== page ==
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Pharmacol Res. 2018 Feb;128:110-121. doi: 10.1016/j.phrs.2017.08.006. Epub 2017 Aug 18.

Dendritic spine anomalies and PTEN alterations in a mouse model of VPA-induced autism spectrum disorder.

Author information

1
Interdisciplinary Program in Brain Sciences, Seoul National University College of Natural Sciences, Seoul, 08826, Republic of Korea.
2
Department of Pharmacology and Biomedical Sciences, Seoul National University College of Medicine, Seoul, 03080, Republic of Korea; Present address: Department of Pharmacology, Inje University College of Medicine, Busan, 47392, Republic of Korea.
3
Department of Pharmacology and Biomedical Sciences, Seoul National University College of Medicine, Seoul, 03080, Republic of Korea.
4
School of Clinical Sciences, Faculty of Health Sciences, University of Bristol, Whitson Street, Bristol BS1 3NY, United Kingdom.
5
Interdisciplinary Program in Brain Sciences, Seoul National University College of Natural Sciences, Seoul, 08826, Republic of Korea; Department of Pharmacology and Biomedical Sciences, Seoul National University College of Medicine, Seoul, 03080, Republic of Korea; Seoul National University Bundang Hospital, Seoul National University College of Medicine, Sungnam, 13620, Republic of Korea. Electronic address: hyisun@snu.ac.kr.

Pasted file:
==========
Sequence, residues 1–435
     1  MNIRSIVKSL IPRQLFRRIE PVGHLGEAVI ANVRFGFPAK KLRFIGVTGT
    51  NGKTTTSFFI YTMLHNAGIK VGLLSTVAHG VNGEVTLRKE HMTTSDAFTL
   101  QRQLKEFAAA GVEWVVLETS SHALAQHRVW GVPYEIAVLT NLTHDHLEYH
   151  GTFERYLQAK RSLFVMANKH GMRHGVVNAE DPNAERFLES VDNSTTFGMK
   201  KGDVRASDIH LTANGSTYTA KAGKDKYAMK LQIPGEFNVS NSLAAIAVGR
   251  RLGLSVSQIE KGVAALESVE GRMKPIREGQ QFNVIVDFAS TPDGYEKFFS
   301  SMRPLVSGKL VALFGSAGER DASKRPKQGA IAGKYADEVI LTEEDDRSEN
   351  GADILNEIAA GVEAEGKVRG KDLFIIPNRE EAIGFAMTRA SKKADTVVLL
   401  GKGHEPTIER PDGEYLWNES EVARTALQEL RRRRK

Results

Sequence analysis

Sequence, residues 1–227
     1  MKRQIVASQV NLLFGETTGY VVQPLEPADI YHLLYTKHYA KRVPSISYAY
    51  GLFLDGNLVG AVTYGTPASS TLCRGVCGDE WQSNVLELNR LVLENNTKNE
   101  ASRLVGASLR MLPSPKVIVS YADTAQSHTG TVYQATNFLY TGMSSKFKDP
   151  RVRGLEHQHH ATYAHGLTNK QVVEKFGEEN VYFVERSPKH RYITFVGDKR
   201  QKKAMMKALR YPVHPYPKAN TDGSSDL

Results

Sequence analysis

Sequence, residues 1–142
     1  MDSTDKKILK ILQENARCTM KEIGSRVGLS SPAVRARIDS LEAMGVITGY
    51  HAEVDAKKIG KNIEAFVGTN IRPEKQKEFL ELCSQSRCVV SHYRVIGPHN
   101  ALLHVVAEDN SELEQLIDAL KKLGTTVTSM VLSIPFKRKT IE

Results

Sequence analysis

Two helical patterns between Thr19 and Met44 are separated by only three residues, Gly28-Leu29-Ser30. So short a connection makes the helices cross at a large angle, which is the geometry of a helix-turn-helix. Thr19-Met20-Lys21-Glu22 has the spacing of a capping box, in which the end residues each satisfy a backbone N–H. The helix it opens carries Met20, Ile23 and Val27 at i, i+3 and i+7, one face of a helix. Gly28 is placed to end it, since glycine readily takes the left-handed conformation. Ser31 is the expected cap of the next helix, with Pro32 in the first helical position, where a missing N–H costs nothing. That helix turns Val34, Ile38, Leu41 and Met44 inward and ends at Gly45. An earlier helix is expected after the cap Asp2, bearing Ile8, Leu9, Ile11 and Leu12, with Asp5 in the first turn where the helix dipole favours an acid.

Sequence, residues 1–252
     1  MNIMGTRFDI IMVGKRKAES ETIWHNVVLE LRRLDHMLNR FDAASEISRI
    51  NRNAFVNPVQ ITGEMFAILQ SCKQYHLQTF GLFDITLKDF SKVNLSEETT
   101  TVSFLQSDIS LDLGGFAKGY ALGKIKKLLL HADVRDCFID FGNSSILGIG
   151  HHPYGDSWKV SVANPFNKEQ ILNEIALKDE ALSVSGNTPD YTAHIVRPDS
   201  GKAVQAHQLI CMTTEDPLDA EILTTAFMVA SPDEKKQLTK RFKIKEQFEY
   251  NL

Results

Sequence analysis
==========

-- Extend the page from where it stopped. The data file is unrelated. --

Abstract

Mounting evidence suggests that the etiology of autism spectrum disorders (ASDs) is profoundly influenced by exposure to environmental factors, although the precise molecular and cellular links remain ill-defined. In this study, we examined how exposure to valproic acid (VPA) during pregnancy is associated with an increased incidence of ASD. A mouse model was established by injecting VPA at embryonic day 13, and its behavioral phenotypes including impaired social interaction, increased repetitive behaviors and decreased nociception were observed at postnatal days 21-42. VPA-treated mice showed dysregulation of synaptic structure in cortical neurons, including a reduced proportion of filopodium-type and stubby spines and increased proportions of thin and mushroom-type spines, along with a decreased spine head size. We also found that VPA-treatment led to decreased expression of phosphate and tensin homolog (PTEN) and increased levels of p-AKT protein in the hippocampus and cortex. Our data suggest that there is a correlation between VPA exposure and dysregulation of PTEN with ASD-like behavioral and neuroanatomical changes, and this may be a potential mechanism of VPA-induced ASD.

KEYWORDS:

Autism spectrum disorders; Phosphate and tensin homolog; Synaptic plasticity; Valproic acid

PMID:
28823725
DOI:
10.1016/j.phrs.2017.08.006
[Indexed for MEDLINE]
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